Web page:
When was the last time a British Columbian minister traveled to Alaska in such a prominent way?
The enormous Mount Polley Mine tailings dam failed Aug. 4, spilling millions of gallons of potentially toxic material into the Fraser River watershed. Even before that dam’s collapse, Alaskans had been alarmed about the progress of a series of mammoth mines just over the border from Alaska. The Kerr-Sulphurets-Mitchell Mine, for example, is planned for the headwaters of the Unuk River, which flows across the border and empties into the Pacific Ocean between Wrangell and Ketchikan. Each summer, the Unuk and other transboundary rivers host countless salmon and their eggs. The Mount Polley Mine disaster was a perfect example of Alaskans’ fears come to life.
Chieftain Metals’, on October 20, announced an update to the December 2012 feasibility study for the proposed Tulsequah Chief mine. The most significant change is a plan to access the mine using barges on the Taku River, rather than via an access road to Atlin, British Columbia.
“This flip-flop from road to barge is very surprising. None of the barging efforts by Chieftain in 2011 and previous mine owner Redfern in 2007 and 2008 worked as planned and Chieftain’s own access report concluded in 2011 that none of the barging options were practical,” said Chris Zimmer of Rivers Without Borders. “The threat of salmon habitat damage from groundings and accidents, as well as spills of diesel fuel, cyanide and other chemicals, will certainly raise concerns in Juneau.”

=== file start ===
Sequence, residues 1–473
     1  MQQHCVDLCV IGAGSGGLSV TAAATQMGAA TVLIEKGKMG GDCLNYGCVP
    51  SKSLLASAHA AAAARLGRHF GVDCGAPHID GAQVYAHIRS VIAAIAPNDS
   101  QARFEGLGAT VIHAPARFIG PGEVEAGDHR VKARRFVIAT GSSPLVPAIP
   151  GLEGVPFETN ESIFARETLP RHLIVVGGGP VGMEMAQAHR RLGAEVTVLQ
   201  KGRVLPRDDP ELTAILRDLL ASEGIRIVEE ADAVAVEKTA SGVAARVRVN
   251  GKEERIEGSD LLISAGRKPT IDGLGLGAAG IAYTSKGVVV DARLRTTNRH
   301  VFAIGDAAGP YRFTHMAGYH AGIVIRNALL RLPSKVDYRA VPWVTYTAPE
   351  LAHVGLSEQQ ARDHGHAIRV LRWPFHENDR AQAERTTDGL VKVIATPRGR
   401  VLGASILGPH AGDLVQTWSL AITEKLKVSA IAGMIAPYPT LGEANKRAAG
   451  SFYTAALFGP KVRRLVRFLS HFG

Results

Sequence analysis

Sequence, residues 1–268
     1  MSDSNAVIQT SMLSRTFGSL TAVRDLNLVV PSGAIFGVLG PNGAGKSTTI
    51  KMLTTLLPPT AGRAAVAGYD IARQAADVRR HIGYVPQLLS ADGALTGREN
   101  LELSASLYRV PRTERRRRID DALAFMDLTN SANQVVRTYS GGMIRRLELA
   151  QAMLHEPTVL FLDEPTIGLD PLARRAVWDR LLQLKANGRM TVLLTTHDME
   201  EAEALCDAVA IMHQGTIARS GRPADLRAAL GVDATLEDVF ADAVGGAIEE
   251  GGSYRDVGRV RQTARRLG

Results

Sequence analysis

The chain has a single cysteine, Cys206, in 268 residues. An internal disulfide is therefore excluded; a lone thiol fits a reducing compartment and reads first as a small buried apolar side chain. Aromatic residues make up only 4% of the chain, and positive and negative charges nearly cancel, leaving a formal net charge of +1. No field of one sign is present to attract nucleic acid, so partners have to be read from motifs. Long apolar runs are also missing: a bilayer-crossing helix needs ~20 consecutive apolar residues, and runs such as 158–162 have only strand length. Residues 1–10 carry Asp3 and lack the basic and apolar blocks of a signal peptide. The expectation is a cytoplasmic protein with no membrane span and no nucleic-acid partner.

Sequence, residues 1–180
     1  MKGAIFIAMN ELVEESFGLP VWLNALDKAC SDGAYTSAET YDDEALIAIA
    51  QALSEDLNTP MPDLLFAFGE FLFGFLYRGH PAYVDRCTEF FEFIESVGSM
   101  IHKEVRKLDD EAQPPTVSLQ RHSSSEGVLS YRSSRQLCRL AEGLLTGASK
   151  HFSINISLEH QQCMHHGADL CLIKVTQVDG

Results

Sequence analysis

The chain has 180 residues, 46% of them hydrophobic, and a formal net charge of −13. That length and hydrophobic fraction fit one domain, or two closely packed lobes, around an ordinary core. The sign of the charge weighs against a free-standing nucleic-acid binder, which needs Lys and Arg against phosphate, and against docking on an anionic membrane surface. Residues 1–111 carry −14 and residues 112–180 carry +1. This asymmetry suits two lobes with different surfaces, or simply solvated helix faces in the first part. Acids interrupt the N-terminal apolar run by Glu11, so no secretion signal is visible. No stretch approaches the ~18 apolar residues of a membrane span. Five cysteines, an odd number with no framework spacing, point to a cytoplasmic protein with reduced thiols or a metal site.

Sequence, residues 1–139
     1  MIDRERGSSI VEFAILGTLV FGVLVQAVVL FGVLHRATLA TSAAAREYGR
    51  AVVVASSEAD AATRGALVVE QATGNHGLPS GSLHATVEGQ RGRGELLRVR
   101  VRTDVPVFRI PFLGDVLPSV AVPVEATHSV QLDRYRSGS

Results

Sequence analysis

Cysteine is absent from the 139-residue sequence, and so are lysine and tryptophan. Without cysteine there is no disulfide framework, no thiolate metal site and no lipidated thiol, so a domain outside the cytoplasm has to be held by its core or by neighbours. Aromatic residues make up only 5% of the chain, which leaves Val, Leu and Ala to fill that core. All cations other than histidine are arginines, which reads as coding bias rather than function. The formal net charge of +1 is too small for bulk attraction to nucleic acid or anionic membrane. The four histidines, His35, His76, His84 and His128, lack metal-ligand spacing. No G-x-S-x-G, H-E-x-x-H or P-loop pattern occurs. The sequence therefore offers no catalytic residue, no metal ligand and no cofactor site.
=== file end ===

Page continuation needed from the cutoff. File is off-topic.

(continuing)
(To read complete release, click "Rivers Without Borders")
Facing difficulty in getting a road through rugged terrain to Canada's Tulsequah Chief mine, the company that wants to reopen the old gold, zinc and copper mine is now planning instead on bringing the ore out through Alaska by barge.
That's raising concerns in Alaska's capital city of Juneau, where the barges would pass through. The Canadian mine is just east of Juneau.
Chieftain Metals Corp. of Canada has provided few details so far about what that new barging plan would entail and what sort of regulatory hurdles there might be in either Alaska or British Columbia.